Estranged from her husband, and working as a cocktail waitress, Eileen has perhaps neglected her two small children—whose disappearance has brought about a visit by the tough-talking Lt. Brann. Obviously suspicious, the detective plays a cat-and-mouse game with Eileen, suggesting that the children may have been kidnapped; or perhaps gruesomely murdered; or perhaps are safely with their father; or may have become victims of the dissolute life style which he attributes to Eileen. Comprised of a series of contiguous, interconnected scenes, the play pursues the growing love/hate relationship which begins to build ominously between the tired, conservative-minded police officer, and the voluptuous woman who both intrigues and repels him. He drops by at odd hours of the day and night; he is sometimes sympathetic and confiding; sometimes hard and abrasive; until, at last, he drives her to confess. Then, in a startling turnabout, the detective tells Eileen that the bodies of the children have been found and the vagrant who killed them arrested—but his revelation only underscores the grief which the mother, for all her worldliness, will carry with her always, and the sexual confusion which their encounter has aroused in the hard-driving, relentlessly moral police officer.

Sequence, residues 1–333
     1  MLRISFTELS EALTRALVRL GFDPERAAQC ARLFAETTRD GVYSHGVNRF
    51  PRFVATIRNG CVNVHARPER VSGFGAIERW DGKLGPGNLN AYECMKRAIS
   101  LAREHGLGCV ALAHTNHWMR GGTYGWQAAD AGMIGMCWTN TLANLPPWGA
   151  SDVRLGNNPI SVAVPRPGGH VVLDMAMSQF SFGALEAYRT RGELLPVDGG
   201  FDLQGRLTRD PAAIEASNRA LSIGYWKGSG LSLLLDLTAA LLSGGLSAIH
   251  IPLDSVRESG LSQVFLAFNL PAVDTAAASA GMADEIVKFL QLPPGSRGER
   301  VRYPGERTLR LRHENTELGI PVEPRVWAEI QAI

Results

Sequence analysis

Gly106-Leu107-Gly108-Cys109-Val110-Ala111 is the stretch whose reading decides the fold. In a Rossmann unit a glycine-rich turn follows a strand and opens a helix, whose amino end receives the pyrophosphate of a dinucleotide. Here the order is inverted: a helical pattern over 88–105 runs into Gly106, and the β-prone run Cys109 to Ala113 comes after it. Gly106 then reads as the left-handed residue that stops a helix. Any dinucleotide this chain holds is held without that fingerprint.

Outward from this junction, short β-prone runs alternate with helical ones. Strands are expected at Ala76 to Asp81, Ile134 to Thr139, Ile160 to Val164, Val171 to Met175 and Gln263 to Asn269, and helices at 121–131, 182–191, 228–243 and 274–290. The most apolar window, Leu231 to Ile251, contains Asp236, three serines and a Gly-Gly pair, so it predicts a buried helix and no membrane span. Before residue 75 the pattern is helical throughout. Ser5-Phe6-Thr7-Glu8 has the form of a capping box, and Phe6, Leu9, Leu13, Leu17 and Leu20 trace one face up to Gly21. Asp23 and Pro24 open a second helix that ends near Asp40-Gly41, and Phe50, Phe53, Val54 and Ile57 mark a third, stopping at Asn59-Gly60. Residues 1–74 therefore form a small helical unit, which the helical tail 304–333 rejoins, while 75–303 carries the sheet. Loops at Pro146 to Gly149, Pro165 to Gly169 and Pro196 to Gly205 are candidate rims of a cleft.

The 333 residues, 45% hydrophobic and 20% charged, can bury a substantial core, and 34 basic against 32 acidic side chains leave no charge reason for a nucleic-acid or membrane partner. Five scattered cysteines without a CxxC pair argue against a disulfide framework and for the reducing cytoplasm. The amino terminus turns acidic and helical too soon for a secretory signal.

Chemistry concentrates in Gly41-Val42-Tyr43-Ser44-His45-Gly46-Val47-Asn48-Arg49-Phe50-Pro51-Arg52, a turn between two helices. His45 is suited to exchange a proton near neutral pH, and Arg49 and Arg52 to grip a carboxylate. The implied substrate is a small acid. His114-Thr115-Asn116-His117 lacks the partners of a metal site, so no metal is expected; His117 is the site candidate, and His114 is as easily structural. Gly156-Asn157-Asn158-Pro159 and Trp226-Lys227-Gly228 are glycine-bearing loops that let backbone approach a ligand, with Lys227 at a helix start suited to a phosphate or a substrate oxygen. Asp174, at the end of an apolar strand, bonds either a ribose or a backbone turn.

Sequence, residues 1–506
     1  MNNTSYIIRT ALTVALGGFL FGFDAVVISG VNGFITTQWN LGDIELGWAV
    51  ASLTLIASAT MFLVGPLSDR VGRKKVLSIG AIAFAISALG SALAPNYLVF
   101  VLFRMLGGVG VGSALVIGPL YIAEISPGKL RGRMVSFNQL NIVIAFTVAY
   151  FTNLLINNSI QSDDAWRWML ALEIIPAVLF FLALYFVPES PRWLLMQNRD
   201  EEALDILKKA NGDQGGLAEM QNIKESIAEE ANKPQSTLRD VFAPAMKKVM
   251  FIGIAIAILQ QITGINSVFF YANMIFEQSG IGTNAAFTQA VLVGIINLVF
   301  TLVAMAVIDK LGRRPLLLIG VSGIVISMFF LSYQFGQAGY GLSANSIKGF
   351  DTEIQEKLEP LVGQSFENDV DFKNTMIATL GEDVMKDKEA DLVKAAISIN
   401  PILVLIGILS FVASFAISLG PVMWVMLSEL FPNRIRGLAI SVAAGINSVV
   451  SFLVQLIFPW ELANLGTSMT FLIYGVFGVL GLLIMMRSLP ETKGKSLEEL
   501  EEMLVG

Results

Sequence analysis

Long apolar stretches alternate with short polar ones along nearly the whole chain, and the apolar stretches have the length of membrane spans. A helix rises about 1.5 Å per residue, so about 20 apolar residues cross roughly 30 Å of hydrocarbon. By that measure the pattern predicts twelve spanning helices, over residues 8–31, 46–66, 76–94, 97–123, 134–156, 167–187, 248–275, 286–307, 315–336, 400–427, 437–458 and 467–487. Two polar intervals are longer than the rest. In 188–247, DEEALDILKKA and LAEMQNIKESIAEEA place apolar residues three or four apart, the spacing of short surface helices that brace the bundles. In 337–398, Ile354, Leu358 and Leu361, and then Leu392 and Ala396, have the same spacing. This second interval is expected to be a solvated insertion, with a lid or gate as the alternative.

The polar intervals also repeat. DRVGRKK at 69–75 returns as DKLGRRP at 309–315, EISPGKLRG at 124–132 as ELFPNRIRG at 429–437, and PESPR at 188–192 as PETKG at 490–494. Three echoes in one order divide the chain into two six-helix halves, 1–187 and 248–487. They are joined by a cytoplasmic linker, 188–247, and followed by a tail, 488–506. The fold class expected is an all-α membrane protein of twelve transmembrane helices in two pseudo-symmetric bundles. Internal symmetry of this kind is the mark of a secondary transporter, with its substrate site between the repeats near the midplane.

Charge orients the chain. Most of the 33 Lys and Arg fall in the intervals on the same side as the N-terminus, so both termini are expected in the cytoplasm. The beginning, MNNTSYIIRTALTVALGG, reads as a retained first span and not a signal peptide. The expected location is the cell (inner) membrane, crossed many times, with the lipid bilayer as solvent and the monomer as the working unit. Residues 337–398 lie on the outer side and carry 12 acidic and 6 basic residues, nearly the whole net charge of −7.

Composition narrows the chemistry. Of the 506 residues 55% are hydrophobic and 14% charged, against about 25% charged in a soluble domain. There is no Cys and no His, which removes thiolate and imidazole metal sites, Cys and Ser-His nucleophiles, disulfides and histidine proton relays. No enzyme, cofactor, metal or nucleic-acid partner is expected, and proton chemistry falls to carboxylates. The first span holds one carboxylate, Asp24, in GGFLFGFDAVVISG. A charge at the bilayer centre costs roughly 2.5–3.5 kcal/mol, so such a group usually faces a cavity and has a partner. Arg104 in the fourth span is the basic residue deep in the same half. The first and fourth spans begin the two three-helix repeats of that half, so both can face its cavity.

A play of uncommon distinction and originality, which probes into the unsettling love/hate relationship which develops between a hard-boiled detective and the sexually alluring woman whom he suspects of having murdered her two young children. "Bell writes like ice—this is work hard, clear, and painful to the touch." —Village Voice. "Playwright Neal Bell has taken some brave leaps in his first play…" —East Side Express.